Life, Liberty And Employment

August 9, 2010

As proclaimed by the United Nations, most countries on earth believe in the human rights of  life, liberty, and security.  The U.S. Declaration of Independence speaks instead about the rights to life, liberty and the pursuit of happiness.  It is agreed that people are endowed with inalienable rights to life and freedom from political oppression be that from foreign or domestic sources.  However, two differences emerge concerning the third fundamental right.

In one respect, the U.S. view is more broadly defined than the worldly one.  Security would seem to embody an important element of happiness but does not capture every ingredient.  One can feel secure, that is protected from physical or other types of harm, without attaining happiness.  The proper genetic predisposition, sense of community, health, and family circumstances are other significant prerequisites for happiness.  The second difference in the third identified basic right is that the U.N. doesn’t qualify the right to security.  The entitlement to security is as fundamental as those to life and freedom.  America’s founding fathers spoke only of the opportunity to secure happiness.  Attainment is up to the individual.  The state mustn’t prevent people from finding happiness, but it likewise is not obligated to deliver every precondition.

People wanting work but unable to find employment lack an important building block of both security and happiness.  Loss of work can lead to loss of shelter, a choice between food or health care, and the harassment and stress of not being able to pay other bills in a timely manner or at all.  For those with a financial cushion, a loss of paid work still damages the sense of self-worth and identity, both important factors for a society-wide sense of confidence.

The U.S. brand of capitalism, where businesses have fewer impediments to the pursuit of earnings and workers enjoy a more porous net of state-financed security benefits, has been an enormous success story, nonetheless.  For generations, America provided top-notch education at all levels and produced an enviably high and improving standard of living.  Recessions were unavoidable and experienced decade after decade, but periods of expansion more than made up for episodes of economic destruction.  In the past, spikes of unacceptably high unemployment were temporary.  Likewise, the duration of joblessness on an individual basis was manageably short-lived.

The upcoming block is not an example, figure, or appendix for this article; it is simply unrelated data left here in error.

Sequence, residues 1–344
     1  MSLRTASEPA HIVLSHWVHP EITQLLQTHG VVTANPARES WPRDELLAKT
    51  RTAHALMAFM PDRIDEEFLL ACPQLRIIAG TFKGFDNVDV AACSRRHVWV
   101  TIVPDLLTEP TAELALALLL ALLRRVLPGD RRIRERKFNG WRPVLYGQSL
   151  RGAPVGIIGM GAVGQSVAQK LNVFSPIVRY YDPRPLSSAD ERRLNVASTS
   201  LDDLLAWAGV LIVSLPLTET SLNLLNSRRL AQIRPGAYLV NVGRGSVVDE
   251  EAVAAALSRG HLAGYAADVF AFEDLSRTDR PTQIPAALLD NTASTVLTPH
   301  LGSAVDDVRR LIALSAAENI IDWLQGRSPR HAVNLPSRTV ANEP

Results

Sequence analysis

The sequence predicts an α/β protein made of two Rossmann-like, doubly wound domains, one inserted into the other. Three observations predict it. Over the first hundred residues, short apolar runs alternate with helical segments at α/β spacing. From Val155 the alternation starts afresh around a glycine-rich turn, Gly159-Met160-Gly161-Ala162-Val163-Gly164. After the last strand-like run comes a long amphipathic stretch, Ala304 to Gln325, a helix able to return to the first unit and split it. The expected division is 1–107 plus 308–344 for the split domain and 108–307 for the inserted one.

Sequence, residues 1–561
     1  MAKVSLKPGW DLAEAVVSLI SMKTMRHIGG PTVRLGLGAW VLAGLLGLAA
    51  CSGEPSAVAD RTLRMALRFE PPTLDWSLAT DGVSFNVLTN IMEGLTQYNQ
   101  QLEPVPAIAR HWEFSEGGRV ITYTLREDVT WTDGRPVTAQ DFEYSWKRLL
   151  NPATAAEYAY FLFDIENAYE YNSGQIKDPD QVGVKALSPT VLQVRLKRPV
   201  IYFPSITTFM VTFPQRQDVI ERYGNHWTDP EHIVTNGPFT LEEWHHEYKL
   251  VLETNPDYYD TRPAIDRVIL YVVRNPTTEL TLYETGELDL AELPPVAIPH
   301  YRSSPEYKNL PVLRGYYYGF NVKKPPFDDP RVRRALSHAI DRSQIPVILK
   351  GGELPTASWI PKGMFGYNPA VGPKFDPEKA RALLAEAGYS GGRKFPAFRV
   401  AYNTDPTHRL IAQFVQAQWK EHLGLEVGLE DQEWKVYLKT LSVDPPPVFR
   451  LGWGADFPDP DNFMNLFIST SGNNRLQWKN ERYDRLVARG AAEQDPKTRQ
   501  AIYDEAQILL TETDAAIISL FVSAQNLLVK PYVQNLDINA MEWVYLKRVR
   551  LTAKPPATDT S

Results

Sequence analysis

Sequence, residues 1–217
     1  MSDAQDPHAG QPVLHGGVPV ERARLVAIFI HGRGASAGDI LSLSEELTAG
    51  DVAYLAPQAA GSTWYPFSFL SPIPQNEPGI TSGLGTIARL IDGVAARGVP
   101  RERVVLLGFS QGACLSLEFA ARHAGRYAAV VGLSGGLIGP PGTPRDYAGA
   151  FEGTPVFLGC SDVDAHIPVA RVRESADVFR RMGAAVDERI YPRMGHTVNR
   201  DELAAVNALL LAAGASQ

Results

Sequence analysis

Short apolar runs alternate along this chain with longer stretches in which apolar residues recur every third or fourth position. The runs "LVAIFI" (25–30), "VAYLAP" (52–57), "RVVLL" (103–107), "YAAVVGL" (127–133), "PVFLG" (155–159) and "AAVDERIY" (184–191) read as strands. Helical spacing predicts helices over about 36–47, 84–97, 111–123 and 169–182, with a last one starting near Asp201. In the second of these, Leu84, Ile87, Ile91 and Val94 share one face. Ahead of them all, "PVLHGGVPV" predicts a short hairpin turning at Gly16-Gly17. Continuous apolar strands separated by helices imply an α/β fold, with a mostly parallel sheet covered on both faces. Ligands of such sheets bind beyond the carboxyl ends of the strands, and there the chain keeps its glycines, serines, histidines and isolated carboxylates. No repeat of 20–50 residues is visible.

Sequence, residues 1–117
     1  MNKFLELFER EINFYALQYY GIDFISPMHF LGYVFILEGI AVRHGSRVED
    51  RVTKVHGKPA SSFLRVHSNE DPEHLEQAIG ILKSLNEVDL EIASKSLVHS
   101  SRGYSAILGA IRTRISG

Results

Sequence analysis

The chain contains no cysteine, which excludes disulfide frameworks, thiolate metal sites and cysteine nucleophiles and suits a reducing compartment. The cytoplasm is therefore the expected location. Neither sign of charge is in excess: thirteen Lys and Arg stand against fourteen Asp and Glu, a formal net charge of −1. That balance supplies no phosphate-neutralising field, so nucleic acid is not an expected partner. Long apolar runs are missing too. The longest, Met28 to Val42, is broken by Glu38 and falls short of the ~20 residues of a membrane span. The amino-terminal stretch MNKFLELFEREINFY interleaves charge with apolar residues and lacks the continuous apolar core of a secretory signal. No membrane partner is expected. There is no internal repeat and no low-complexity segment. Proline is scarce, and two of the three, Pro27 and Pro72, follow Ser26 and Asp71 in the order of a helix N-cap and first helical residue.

In spite of such periodic recessions, U.S. employment rose 3.27% per annum in the 1940s, 2.22% per annum in the 1950s, 2.78% per annum in the 1960s, 2.44% per annum in the 1970s, and 1.84% per annum in both the 1980s and 1990s.  Over the first 11 years and 7 months of the present century, however, jobs slid 0.02% per annum, which is a dramatic deviation from anything experienced since the Great Depression.  Only the Civil War of the 1860s posed a greater threat to America as we know it than did the Great Depression.  Continuing U.S. job growth far below normal will subject the country to tremendous strain.

Top economists do not agree on what needs to be done now to reinvigorate America with the kind of vitality shown in previous generations.  Princeton Nobel Laureate Paul Krugman blames the current situation on a deficiency of aggregate demand, as well as decaying  infrastructure and neglectful law enforcement to preserve competition, all made possible because of anti-government voter sentiment.  Columbia Nobel Laureate Edmund Phelps rejects the notion of too little demand.  His prescription is better incentives to promote invention, applied technology breakthroughs, and other long-term capital spending.  I continue to be struck by the irony of a broken labor market in the midst of explosive productivity growth of 3.5% per annum in the three years between the first quarters of 2007 and 2010.  This juxtaposition can happen in short bursts, and in fact usually does because rapid productivity means much more is getting produced with fewer workers.  However, the co-existence of no net growth in jobs and a golden age of labor productivity is not supposed to happen and has thus far not been compellingly explained by my profession.

The Federal Government recognized that the American covenant would be jeopardized by sky-high unemployment if Washington assumed the attitude that there’s nothing politicians can or should do about getting people back to work.  Many of the initiatives were unhelpful, and some were worse than neutral.  But the important thing, and why America lived to fight another day, is that officials did not turn their back on every individual’s right to pursue happiness, a part of which meant the responsibility of political leadership to maintain a landscape in which an adequate share of the labor force can find a productive job.  Will the same challenge be met in this later era?  The verdict remains out.

Copyright Larry Greenberg 2010.  All rights reserved.  No secondary distribution without express permission.

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